There are three forms of recognition of prior learning:

  • a) Credit transfer - recognition of credit or qualification at HE level (4 or above) awarded by a UK higher education degree-awarding body in accordance with the relevant higher education qualifications framework;
  • b) Recognition of prior certificated learning - (such as professional development awards or employment-based awards) which is a higher education level but which has not led to the award of credits or qualifications positioned on the relevant higher education qualifications framework;
  • c) Recognition of prior experiential or informal learning. Details of how to apply for RPL, and the relevant forms, can be found on the University of Worcester's applications web page.

Details of how to apply for RPL, and the relevant forms, can be found on the University of Worcester's applications web page.

Course content

What will you study?

Our courses are informed by research and current developments in the discipline and feedback from students, external examiners and employers. Modules do therefore change periodically in the interests of keeping the course relevant and reflecting best practice. The most up-to-date information will be available to you once you have accepted a place and registered for the course. If there are insufficient numbers of students interested in an optional module, this might not be offered, but we will advise you as soon as possible and help you choose an alternative. 

Year 1

  • IMIC1001: The art of relationship (15 credits)
  • IMIC1002: Professional competence (30 credits)
  • IMIC1003: The neuroscience of relationship (15 credits)
  • IMIC1004: A sense of self (30 credits)
  • IMIC1005: Professional development 1 (30 credits)

Year 2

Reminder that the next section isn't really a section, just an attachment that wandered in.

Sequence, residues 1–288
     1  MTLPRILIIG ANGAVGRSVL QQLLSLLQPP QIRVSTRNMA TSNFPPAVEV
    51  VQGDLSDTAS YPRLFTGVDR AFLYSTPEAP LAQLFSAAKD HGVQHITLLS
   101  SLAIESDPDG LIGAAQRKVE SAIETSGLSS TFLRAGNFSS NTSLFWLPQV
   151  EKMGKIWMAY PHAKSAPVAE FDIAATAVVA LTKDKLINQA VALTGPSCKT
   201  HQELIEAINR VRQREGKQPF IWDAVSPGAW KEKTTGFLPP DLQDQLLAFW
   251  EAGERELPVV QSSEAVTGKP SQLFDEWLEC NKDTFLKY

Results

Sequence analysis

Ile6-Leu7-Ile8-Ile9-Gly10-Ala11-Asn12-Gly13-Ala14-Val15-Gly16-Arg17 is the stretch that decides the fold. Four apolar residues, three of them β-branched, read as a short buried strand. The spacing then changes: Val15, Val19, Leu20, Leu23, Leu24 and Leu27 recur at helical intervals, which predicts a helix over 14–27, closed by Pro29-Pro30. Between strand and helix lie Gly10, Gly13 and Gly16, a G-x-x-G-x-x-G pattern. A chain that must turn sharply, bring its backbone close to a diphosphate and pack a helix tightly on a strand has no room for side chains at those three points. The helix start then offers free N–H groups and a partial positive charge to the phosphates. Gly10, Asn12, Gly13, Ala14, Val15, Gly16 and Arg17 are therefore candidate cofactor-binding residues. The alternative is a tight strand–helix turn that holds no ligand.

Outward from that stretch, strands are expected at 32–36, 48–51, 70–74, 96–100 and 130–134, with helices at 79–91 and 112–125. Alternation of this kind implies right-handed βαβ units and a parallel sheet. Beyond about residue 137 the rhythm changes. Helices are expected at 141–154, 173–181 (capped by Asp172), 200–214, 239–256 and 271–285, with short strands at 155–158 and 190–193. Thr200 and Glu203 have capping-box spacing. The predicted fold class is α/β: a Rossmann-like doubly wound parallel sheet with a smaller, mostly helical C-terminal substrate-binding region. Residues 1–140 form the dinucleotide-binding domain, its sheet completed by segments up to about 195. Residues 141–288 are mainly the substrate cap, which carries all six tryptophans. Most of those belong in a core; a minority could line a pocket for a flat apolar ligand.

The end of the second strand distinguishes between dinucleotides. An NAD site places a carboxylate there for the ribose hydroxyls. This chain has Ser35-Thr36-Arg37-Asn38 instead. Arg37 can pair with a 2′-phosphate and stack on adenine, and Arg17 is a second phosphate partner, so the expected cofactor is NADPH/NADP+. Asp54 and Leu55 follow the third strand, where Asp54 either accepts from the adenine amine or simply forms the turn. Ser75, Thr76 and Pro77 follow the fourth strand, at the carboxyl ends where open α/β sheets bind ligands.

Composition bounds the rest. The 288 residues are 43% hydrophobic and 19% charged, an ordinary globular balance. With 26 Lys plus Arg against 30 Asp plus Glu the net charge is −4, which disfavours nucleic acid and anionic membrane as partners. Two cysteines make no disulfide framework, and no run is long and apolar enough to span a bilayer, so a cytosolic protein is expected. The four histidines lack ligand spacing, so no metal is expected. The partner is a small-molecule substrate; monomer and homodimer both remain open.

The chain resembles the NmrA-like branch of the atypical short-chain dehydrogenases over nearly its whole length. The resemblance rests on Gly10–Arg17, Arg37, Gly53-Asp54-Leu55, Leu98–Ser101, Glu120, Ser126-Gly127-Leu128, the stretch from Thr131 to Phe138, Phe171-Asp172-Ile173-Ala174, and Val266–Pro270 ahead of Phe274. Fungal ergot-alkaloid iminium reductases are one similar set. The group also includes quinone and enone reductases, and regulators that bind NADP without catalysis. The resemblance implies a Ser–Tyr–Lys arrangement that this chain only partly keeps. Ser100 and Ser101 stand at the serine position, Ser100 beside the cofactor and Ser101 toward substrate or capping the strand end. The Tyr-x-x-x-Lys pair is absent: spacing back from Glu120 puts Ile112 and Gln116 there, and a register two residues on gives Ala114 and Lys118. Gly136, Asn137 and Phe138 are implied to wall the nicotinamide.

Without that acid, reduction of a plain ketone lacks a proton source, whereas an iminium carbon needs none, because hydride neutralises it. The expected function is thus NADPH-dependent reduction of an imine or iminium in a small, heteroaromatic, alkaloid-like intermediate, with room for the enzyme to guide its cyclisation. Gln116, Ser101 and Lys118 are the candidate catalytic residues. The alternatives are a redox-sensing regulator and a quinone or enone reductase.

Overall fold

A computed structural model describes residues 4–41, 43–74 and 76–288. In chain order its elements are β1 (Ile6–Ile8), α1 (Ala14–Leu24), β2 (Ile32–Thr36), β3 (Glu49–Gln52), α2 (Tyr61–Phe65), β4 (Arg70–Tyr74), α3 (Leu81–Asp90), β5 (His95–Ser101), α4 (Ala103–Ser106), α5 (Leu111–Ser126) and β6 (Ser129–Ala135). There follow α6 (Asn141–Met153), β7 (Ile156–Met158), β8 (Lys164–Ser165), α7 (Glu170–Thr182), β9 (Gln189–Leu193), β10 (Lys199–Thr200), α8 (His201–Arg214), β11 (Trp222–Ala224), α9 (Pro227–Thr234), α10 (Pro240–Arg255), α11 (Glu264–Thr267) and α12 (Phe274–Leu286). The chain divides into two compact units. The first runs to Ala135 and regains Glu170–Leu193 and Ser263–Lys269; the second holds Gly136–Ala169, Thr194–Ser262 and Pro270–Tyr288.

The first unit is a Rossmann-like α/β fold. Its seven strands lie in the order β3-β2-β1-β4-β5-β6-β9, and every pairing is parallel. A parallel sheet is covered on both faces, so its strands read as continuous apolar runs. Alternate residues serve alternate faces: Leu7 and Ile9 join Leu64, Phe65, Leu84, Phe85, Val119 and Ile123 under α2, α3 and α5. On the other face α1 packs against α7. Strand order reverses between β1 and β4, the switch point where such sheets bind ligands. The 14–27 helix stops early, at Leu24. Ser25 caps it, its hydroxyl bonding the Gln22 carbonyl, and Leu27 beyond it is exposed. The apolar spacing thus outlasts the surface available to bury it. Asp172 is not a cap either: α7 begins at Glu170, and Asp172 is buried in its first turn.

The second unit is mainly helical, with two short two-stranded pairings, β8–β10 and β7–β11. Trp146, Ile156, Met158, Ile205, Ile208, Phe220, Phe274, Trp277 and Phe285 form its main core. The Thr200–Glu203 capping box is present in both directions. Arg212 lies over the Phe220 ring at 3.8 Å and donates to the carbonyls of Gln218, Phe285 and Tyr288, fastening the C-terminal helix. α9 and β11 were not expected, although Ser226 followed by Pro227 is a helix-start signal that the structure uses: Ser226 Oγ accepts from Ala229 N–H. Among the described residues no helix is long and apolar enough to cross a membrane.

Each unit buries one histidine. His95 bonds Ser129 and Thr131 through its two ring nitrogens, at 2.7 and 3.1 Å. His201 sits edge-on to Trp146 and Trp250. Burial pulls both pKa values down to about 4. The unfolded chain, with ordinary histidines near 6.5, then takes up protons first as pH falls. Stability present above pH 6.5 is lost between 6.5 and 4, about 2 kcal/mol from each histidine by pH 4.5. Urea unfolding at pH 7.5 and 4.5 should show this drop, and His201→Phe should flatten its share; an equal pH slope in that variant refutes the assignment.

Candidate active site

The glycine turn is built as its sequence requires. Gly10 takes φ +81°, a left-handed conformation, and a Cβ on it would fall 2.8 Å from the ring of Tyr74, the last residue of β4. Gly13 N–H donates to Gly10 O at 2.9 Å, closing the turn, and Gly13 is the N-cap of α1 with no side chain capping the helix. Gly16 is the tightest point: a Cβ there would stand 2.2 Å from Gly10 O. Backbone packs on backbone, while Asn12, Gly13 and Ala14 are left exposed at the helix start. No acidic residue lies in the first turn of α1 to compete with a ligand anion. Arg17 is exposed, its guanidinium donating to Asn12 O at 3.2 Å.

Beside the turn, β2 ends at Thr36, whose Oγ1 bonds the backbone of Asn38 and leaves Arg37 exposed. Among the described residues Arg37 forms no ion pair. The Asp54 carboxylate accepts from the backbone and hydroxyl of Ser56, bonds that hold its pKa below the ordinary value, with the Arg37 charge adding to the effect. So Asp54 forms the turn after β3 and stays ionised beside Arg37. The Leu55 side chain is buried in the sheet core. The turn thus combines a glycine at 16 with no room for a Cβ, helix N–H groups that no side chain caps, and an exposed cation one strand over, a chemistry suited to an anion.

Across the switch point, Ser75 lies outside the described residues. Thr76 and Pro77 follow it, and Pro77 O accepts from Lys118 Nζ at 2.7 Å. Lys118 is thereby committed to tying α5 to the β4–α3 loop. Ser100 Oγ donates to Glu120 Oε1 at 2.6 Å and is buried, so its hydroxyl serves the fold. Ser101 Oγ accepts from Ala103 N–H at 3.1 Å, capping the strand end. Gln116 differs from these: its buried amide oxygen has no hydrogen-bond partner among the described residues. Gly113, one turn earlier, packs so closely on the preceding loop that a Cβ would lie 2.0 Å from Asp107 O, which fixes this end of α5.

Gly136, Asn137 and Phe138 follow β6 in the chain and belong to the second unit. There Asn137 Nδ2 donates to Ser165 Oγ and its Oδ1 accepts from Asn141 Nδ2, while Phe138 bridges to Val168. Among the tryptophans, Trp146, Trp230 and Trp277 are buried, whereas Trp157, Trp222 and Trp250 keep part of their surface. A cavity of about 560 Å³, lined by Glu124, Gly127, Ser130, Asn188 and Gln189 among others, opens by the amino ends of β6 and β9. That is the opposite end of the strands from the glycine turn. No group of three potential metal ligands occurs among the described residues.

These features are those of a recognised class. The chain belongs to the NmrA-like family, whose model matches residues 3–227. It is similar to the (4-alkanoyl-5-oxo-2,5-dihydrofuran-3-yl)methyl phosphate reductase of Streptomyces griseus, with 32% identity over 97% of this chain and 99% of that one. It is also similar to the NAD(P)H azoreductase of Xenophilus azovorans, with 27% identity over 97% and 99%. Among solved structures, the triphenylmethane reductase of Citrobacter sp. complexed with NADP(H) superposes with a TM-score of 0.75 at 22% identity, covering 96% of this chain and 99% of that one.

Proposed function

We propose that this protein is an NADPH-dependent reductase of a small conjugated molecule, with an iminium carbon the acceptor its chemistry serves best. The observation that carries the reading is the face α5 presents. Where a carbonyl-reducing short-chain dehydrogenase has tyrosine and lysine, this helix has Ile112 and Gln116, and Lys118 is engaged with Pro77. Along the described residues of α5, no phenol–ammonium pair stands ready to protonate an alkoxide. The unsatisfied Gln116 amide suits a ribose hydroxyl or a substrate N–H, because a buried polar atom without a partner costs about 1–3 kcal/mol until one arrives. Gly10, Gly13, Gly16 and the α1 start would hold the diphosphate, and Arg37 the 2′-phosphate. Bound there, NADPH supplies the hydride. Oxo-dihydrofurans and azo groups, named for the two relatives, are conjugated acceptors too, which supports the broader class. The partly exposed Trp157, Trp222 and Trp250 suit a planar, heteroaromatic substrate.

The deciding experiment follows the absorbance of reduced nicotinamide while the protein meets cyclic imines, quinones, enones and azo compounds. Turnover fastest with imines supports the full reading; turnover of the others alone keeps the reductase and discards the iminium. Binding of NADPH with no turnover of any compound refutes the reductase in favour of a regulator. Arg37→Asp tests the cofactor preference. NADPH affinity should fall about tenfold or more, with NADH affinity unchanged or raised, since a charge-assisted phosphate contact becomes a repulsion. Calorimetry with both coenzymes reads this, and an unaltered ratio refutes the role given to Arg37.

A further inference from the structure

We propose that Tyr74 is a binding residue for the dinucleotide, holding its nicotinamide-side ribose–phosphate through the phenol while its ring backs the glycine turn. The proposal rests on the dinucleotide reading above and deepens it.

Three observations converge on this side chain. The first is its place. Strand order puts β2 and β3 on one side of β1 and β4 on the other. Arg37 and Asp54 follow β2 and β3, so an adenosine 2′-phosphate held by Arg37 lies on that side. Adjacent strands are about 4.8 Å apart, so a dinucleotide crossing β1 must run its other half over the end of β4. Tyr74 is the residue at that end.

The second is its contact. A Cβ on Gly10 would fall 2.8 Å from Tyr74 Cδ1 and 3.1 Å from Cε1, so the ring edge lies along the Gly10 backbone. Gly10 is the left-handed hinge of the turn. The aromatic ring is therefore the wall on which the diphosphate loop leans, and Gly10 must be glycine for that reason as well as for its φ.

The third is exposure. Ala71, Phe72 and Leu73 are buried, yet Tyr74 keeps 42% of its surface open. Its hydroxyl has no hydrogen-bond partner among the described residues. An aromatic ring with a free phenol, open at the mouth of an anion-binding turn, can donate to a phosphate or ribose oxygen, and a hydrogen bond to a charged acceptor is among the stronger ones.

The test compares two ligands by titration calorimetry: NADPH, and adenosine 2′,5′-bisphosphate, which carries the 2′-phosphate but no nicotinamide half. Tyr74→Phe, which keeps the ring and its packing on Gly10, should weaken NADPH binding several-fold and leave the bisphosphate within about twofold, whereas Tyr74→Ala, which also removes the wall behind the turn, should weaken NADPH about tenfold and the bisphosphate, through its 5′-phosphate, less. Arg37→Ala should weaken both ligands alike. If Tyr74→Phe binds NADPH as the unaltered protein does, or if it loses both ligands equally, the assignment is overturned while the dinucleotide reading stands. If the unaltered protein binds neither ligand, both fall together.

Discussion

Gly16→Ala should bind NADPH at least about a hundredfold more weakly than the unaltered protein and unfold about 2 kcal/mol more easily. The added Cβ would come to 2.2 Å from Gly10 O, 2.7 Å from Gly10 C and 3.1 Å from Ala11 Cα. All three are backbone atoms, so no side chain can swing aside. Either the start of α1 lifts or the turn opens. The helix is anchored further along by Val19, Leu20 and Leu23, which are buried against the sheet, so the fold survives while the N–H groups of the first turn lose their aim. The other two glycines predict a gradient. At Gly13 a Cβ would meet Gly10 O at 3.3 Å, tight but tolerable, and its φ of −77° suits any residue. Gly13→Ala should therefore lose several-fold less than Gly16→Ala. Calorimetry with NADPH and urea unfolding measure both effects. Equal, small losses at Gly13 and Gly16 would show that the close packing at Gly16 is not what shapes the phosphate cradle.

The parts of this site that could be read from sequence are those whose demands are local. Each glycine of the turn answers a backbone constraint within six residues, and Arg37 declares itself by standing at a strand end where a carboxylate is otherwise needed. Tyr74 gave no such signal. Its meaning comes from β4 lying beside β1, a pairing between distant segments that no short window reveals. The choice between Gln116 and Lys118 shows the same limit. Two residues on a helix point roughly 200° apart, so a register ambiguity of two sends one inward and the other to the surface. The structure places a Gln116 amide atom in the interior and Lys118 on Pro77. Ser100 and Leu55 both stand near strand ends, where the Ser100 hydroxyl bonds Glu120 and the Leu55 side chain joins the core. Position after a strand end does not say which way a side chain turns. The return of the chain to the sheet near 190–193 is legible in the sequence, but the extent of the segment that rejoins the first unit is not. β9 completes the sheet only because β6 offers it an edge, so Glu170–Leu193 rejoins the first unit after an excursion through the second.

• IMIC2001: The ‘here and now’ encounter (30 credits)
  • IMIC2002: Creative arts therapies (15 credits) 
  • IMIC2003: Counselling in context (30 credits)
  • IMIC2004: The process of change (15 credits)
  • IMIC2005: Professional development 2 (30 credits)
  • IMIC2006: Professional practice (0 credits)


Foundation Degree (FdA) in Integrative Counselling (Levels 4 and 5) with 240 credits (for successful completion of both Years 1 and 2). This award qualifies you to practice as a professional counsellor, and meets the application requirements for full membership of the BACP (MBACP status).

HE Certificate in Integrative Counselling (Level 4) with 120 credits (for successful completion of Year 1 only). This award does not qualify you to practice as a counsellor, but will help enhance skills of those in a helping profession.

Teaching and Assessment

How will you be taught?

Teaching and Learning

The University places emphasis on enabling students to develop the independent learning capabilities that will equip you for lifelong learning and future employment, as well as academic achievement.  A mixture of independent study, teaching and academic support through the personal academic tutoring system enables you to reflect on progress and build up a profile of skills, achievements and experiences that will enable you to flourish and be successful.


You are taught through a combination of formal lectures, creative activities, experiential exercises, group process, presentations, skills practices and applied learning, large and small group activities and reflective practice.